For one thing, each plant’s preferences in the market area must be researched. Just because a plant is native to Texas doesn’t mean it’s easy to grow in North Central Texas, he says. Just because plants of your childhood thrived in Houston or some other place doesn’t mean they will work here.


“You have to really home in on what our soils are and what our climate variations are,” he says. These differ significantly even across Texas for example, while the mountain laurel makes a fine tree for the Hill Country, North Central Texas winters tend to be too harsh for it.


“You have to determine the natives or acclimated plants that work for us,” says Mr. Weston. “You don’t get it off the shelf and sell it and it works for everybody.”


Although natives have developed a following during the past few years, only a few North Texas area nurseries currently carry a full line of them, says Mr. Weston. More natives probably are sold in the Austin area than anyplace else in Texas, he says. Other area nurseries that stock natives include Kings Creek Gardens, Texas Blooms, Mother Nature Garden Center and North Haven Gardens.


These hardy plants don’t tend to look as pretty in the pot as some traditional nursery mainstays might, the Westons say. Weston Gardens includes demonstration gardens so people can see what the plants look like in the ground.


Kings Creek and North Haven also feature demonstration plots. The Dallas Arboretum and Botanical Garden showcases some of these plants in a section called Mimi’s Garden, Mr. Weston says.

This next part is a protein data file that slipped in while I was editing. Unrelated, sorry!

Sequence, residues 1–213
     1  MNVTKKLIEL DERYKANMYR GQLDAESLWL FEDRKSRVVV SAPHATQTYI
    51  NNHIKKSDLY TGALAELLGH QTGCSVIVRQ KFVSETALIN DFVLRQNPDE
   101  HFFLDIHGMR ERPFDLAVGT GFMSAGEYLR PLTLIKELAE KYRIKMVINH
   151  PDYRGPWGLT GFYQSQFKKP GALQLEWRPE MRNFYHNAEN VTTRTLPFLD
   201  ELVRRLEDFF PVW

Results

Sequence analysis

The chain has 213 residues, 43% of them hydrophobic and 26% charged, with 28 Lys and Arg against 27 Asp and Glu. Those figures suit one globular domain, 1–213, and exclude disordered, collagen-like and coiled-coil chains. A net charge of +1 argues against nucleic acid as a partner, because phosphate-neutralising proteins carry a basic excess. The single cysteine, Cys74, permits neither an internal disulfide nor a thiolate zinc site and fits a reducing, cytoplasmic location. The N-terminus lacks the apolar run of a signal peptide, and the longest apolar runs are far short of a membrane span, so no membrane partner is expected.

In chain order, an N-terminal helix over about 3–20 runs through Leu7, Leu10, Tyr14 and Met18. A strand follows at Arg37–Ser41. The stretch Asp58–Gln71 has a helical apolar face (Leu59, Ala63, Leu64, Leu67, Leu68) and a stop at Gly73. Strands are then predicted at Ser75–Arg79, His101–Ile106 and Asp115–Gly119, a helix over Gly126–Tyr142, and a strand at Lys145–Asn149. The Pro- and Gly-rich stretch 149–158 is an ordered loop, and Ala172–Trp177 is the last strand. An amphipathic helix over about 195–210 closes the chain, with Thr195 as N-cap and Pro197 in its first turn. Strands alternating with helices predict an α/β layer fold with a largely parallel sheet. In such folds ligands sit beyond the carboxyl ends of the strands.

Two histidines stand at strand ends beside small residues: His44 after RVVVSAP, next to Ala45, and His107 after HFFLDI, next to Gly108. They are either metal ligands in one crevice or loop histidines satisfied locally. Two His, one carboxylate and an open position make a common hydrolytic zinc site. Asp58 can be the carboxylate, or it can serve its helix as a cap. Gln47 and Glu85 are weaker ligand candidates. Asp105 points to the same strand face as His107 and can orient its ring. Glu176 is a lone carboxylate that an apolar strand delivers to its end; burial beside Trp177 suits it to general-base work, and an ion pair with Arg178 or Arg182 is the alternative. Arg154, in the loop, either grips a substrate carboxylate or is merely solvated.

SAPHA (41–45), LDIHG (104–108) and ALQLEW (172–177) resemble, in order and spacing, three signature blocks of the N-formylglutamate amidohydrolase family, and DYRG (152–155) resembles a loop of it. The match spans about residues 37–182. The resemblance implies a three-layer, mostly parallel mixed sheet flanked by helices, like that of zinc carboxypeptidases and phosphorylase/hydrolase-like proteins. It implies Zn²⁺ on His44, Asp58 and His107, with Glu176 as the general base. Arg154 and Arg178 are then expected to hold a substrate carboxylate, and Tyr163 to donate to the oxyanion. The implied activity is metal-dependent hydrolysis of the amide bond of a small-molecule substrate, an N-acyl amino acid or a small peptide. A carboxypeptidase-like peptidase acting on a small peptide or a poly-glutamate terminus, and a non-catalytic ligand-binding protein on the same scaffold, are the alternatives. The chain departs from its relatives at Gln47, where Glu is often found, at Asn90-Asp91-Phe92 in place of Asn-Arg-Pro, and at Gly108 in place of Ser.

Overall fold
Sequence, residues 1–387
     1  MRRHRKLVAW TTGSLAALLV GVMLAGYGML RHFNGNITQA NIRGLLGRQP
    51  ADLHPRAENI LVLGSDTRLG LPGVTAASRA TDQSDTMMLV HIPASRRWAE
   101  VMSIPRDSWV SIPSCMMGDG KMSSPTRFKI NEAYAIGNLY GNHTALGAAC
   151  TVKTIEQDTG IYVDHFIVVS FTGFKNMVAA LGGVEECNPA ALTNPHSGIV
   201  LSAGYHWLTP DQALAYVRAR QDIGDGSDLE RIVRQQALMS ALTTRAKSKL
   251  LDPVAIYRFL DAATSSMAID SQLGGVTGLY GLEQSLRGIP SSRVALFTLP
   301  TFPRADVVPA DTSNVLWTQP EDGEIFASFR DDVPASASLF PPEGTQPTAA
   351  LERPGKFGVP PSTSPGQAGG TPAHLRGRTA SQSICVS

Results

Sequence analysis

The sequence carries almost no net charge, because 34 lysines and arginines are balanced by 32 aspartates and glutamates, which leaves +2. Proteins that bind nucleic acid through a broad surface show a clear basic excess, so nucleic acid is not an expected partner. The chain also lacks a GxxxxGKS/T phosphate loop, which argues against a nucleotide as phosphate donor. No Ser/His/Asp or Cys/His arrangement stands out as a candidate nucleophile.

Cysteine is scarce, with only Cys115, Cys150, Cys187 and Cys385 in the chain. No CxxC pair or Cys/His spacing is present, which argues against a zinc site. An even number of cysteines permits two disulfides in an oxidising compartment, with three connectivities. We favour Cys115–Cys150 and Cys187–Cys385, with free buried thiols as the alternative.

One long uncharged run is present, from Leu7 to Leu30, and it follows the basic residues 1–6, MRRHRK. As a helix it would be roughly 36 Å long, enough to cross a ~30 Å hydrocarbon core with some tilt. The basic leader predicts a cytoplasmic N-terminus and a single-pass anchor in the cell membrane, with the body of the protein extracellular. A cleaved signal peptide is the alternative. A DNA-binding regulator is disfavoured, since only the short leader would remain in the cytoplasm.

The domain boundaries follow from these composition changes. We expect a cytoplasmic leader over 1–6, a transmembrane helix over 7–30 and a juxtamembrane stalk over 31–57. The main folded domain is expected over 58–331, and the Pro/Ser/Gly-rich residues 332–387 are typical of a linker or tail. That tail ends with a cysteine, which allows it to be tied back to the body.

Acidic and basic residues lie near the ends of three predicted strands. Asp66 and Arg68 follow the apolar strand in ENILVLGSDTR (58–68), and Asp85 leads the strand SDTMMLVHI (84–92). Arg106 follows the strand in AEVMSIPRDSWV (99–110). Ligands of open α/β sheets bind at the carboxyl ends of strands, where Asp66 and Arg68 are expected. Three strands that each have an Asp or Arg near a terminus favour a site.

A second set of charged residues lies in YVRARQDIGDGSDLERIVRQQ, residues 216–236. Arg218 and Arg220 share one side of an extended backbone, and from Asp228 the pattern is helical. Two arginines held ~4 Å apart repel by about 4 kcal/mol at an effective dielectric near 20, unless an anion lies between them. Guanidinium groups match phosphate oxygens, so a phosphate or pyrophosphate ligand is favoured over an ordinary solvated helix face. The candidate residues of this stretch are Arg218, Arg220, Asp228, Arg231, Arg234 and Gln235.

In pots, the native and acclimated plants are trying to survive, “reacting like they would in nature” to stressful conditions, says Mr. Weston. “A lot of what you see in that pot is not what you’re going to get when they’re planted.”


“Somebody’ll come in and they’ll say, ‘That doesn’t have many leaves on it and it's kind of yellow-looking,’” says Mr. Weston. “Well, it’ll green up when it gets into the ground and get real thick, but if they can’t see it planted, they cannot envision it.”


And it is difficult to imagine at first. But memories of summer nights with cicada serenades and lightening bugs, of homemade ice cream and the perfume of a bloom in grandmother’s flower bed certainly help.


Betsy Simnacher is a Dallas-area free-lance writer.


By Betsy Simnacher


The Dallas Morning News


Friday, October 23, 1992